Designing for and with Mock Objects


 


I love the “mock as spy” analogy, but here’s an additional way to think about the role of a mock object.  In the movie and TV industries child actors are expressly limited in the number of hours they’re allowed to work in a day or week.  The director will use adults of roughly the same size to be “stand-ins” for the child actors so they can accurately storyboard the scene with the set, the lights, and the camera angles (I know all about this because of a classic Seinfeld episode years ago).  The director and the camera crew can get the scene completely setup without cutting into the child actors’ limited quota of hours.  Mock objects can be used in much the same way.  It’s what I like to think of as “Client First Development.”  Falling back on the Model View Presenter pattern as an example yet one more time, you might build a screen in a couple pieces:


 



  1. Presenter – handles the user information flow logic and intermediates communication between the actual screen and the backend services
  2. IService/Service – the gateway to the backend business or service layer
  3. IView/View – The actual screen

 


In this case I would define Presenter as the client of the services provided by the IService and IView interfaces.  I’ve consistently found it to be more efficient to make the development of the Presenter (the client) drive the signature of the IService and IView interfaces.  The Presenter is largely coded first with the dependencies mocked.  I’ve found this approach to be consistently more efficient than trying to drive the development from backend to front.  The requirements of “service provider” classes or modules are completely determined by the needs of their clients.  Building a service provider before the client will very frequently result in rework to the service provider when you discover that the client has different needs than you previously expected.  By using mocks or stubs I can narrowly focus on the design of the client and then turn and implement the resulting interfaces for the service provider.  Yeah you can give me the tired old line of “if you just did more research upfront…” but no design can ever accurately said to be “done” until it’s fully implemented and tested.


 


Another way to think about mock objects is that they’re like doing a UML sequence diagram, but in code. 


 


I’ve sarcastically described TDD in the past as Mock-Driven Design, but it does work.  You need to very consciously consider testability in almost every design decision.  Very purposely consider how to spread responsibilities between classes to maximize testability.  I am very much cognizant of utilizing mock objects when I do class and namespace level design.


 


 


Here’s a quote from Jeffrey Palermo this very afternoon – “do you know how nice it is to get a piece of code into NUnit or the debugger without having to install every single other service?”  Yes Jeffrey, I know exactly how you feel.


 


What to Mock?


 


So we come to the question of what to mock?  My rule of thumb is to mock anything that is involves any kind of call or access to things outside of the AppDomain.  Mocking the data access layer when you’re testing business or service layer logic is an obvious example.  Here are some other examples that I can remember using:


 



  • WinForms code
  • ASP.Net objects – user controls, HttpContext objects (but I’d advise against doing this directly)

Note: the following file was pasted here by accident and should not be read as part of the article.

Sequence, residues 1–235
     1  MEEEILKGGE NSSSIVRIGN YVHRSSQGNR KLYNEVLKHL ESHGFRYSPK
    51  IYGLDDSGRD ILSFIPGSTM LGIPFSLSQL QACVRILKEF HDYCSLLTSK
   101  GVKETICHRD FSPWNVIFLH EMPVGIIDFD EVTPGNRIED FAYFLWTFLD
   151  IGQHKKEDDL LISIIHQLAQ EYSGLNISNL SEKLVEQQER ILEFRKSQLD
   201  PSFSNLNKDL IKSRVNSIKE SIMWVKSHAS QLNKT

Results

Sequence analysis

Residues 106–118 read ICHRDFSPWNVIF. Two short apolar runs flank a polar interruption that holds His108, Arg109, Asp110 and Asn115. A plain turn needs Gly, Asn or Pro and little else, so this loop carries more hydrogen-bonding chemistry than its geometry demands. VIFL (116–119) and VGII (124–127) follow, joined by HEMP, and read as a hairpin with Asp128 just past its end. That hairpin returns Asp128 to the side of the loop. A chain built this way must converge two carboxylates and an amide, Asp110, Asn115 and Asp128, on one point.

• Web service proxy classes.  Absolute no-brainer. 
  • Database access code, persistence
  • Active Directory access
  • Gateways to weird legacy code or systems – and almost all legacy code IS weird
  • Facades to other subsystems
  • Remoted classes

 


 


Next up is a discussion on the best practices for mock objects, including a section on when NOT to use mock objects.

About Jeremy Miller

Jeremy is the Chief Software Architect at Dovetail Software, the coolest ISV in Austin. Jeremy began his IT career writing "Shadow IT" applications to automate his engineering documentation, then wandered into software development because it looked like more fun. Jeremy is the author of the open source StructureMap tool for Dependency Injection with .Net, StoryTeller for supercharged acceptance testing in .Net, and one of the principal developers behind FubuMVC. Jeremy's thoughts on all things software can be found at The Shade Tree Developer at http://codebetter.com/jeremymiller.
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  • Wil Wiseman

    I hate to sound like one of those guys that argue for the sake of arguement, but I have a different take on Mock and test driven development. When let the requirements and design patterns drive code design, you end up with all the initial benefits of data hiding, componentization, and an object oriented design.  When you apply Mock best practicies, you end up with highly procedural code, that no longer hides implementation details, but is forced to expose most of what where private methods and interfaces so it can be test-driven. In the end, the code deviates from the function it was intended and becomes something else entirely. Now when you need to make changes, it becomes brital in the sense that each nUnit and mock starts breaking. Not due to bugs in the code, but the change in flow. Most developers hate documentation due to this keeping up with the Jones’.  In the end, the developer would be better served focusing on functional testing using Mock or nUnit. Or ‘stringing’ togther the nUnits to create the functional test. But to purest, this is a vialoation of the nUnit atomicity, so would never go there and rely on QA to do functional testing. When that doesn’t happen (for whatever reason), you are back at square one shipping bugs in code.